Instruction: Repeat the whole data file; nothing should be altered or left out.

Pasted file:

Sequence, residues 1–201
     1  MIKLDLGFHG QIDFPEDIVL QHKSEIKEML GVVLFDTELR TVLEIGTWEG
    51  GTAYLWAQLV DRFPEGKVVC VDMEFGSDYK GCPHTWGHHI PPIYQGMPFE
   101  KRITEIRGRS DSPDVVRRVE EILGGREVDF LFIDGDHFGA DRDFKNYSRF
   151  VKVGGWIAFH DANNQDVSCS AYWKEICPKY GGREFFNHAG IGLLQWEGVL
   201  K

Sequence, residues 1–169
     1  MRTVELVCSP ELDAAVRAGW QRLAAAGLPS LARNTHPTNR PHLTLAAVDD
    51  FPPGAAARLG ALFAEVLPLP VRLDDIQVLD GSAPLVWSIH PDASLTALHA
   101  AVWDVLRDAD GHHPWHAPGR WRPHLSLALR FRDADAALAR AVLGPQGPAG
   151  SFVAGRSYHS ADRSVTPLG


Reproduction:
Sequence, residues 1–201
     1  MIKLDLGFHG QIDFPEDIVL QHKSEIKEML GVVLFDTELR TVLEIGTWEG
    51  GTAYLWAQLV DRFPEGKVVC VDMEFGSDYK GCPHTWGHHI PPIYQGMPFE
   101  KRITEIRGRS DSPDVVRRVE EILGGREVDF LFIDGDHFGA DRDFKNYSRF
   151  VKVGGWIAFH DANNQDVSCS AYWKEICPKY GGREFFNHAG IGLLQWEGVL
   201  K

Sequence, residues 1–169
     1  MRTVELVCSP ELDAAVRAGW QRLAAAGLPS LARNTHPTNR PHLTLAAVDD
    51  FPPGAAARLG ALFAEVLPLP VRLDDIQVLD GSAPLVWSIH PDASLTALHA
   101  AVWDVLRDAD GHHPWHAPGR WRPHLSLALR FRDADAALAR AVLGPQGPAG
   151  SFVAGRSYHS ADRSVTPLG